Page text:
Reviewer Conny Withay:Operating her own business in office management since 1991, Conny is an avid reader and volunteers with the elderly playing her designed The Write Word Game. A cum laude graduate with a degree in art living in the Pacific Northwest, she is married with two sons, two daughters-in-law, and three grandchildren.
Authors: Thomas Weck and Peter Weck
Illustrator: Len DiSalvo
Publisher: Lima Bear Press, LLC
“I … I was brushing my fur this morning and when I turned around to look in the mirror, my b-b-back was GONE!” Plumpton sobs in Thomas Weck and Peter Weck’s children’s story, How Back-Back Got His Name.
Part of the Lima Bear Stories by father and son, this over-sized hardbound book has thirty full color pages targeted toward ages five to seven years old. This story is about helping others and realizing being different is special. Illustrator Len DiSalvo has large drawings that cover the pages completely. At the end of the book, there are instructions about before, during, and after reading along with suggested activities such as a hunt for words, making disappearing ink, rewriting the story’s ending, and highlighting interesting words. There are a few misspellings for emphasis that may confuse beginner readers.
In this fanciful story, the miniature Lima Bear is awakened by his rabbit friend, Whistle-Toe, giving him a note stating their friend, Plumpton, is having an emergency. When the opossum looks in a mirror, his back is invisible, totally gone. So, Lima Bear, Whistle-Toe, and their raccoon friend, Maskamal, attempt to think like an opossum and help locate the Plumpton’s back.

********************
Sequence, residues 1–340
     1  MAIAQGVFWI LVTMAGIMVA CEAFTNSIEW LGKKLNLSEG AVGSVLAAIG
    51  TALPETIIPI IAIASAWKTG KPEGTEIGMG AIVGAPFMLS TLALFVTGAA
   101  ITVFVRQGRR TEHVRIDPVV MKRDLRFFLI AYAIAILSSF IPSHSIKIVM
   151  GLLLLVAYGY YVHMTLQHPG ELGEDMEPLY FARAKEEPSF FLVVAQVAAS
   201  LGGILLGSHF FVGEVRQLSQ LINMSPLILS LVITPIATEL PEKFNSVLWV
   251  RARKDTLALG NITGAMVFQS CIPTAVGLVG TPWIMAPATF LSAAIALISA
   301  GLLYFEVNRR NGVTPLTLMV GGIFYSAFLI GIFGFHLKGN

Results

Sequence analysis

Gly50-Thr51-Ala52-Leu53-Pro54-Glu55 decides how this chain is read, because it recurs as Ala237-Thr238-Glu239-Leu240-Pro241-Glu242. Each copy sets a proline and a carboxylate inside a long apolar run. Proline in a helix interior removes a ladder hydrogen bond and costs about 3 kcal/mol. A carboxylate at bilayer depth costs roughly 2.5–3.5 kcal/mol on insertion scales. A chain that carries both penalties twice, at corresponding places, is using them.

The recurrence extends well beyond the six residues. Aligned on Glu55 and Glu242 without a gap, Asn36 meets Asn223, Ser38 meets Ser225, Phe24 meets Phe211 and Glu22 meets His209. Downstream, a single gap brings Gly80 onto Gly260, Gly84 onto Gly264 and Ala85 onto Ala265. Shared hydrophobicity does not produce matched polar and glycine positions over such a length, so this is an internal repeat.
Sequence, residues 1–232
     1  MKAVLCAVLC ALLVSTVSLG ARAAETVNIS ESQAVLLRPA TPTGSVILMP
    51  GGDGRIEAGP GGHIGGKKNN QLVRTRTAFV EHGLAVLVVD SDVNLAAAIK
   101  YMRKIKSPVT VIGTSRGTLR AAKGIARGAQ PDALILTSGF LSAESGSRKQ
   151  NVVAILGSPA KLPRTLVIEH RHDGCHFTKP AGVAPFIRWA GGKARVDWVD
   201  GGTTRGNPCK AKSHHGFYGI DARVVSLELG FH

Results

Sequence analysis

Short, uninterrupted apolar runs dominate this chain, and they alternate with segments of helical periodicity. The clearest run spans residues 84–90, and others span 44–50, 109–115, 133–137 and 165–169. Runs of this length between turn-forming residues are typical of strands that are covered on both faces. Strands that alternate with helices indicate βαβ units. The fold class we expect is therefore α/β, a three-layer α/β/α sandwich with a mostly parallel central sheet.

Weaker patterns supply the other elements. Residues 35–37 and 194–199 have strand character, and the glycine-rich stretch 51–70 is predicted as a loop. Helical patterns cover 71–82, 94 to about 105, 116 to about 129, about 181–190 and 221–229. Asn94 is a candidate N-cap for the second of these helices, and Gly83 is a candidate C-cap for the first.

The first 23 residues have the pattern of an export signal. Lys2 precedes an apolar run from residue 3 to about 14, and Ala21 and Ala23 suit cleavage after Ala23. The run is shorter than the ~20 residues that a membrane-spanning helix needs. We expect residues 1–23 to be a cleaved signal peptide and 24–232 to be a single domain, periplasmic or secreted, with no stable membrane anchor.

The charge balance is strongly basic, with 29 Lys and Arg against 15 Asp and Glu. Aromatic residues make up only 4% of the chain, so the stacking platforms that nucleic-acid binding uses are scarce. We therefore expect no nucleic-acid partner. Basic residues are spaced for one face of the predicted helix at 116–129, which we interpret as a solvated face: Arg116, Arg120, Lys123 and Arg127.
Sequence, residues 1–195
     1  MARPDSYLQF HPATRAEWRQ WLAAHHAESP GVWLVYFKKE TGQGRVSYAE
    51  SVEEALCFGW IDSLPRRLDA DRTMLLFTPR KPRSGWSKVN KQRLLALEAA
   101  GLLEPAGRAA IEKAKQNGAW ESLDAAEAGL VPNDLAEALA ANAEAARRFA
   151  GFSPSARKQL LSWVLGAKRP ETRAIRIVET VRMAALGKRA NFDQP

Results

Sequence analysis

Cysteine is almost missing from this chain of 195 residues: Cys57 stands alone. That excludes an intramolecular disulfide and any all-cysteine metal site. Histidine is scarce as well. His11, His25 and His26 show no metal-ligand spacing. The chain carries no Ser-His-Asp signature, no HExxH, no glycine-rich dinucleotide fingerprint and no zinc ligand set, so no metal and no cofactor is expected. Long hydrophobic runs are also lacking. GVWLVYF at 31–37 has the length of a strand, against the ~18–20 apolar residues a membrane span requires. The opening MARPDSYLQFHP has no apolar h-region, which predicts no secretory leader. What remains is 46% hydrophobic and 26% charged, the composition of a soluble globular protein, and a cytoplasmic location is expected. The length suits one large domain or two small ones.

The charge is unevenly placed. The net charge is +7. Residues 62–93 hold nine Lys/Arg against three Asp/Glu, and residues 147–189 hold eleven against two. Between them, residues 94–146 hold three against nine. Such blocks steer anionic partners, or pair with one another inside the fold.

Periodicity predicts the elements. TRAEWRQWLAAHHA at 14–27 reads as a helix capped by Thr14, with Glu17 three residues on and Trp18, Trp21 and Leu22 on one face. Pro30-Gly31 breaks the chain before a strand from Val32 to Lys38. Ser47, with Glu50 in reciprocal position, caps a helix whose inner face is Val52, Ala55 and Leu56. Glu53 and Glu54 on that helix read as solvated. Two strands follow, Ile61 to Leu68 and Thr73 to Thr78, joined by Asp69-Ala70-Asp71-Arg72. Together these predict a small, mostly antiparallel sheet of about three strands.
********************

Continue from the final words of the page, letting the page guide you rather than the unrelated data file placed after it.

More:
First Maskamal tries to hang upside down from the opossum’s favorite tree, but that ends badly with Maskamal falling on a pile of leaves while Whistle-Toe gets trapped in a cage in the nearby Big Meadow. Trying to rescue the rabbit from the cage, Lima Bear has to hide from children playing ball in the field while Maskamal disguises as a muddy tree to sneak over to the cage.
The dirty raccoon is spotted by the children and also put in the cage. With Plumpton’s back being invisible, he sneaks past the children and releases his two friends. The friends praise and congratulate Plumpton, calling him Back-Back and saying he can do special things because he is different. After all the emergencies the friends endure, the opossum’s new name sticks.
With all critters attempting to rescue their friend, the child learns about working together and accepting one another by appreciating special talents and differences. The fun activities at the back of the book are creative for several different levels of learning.
This book was furnished by KSB Promotions in lieu of an unbiased review.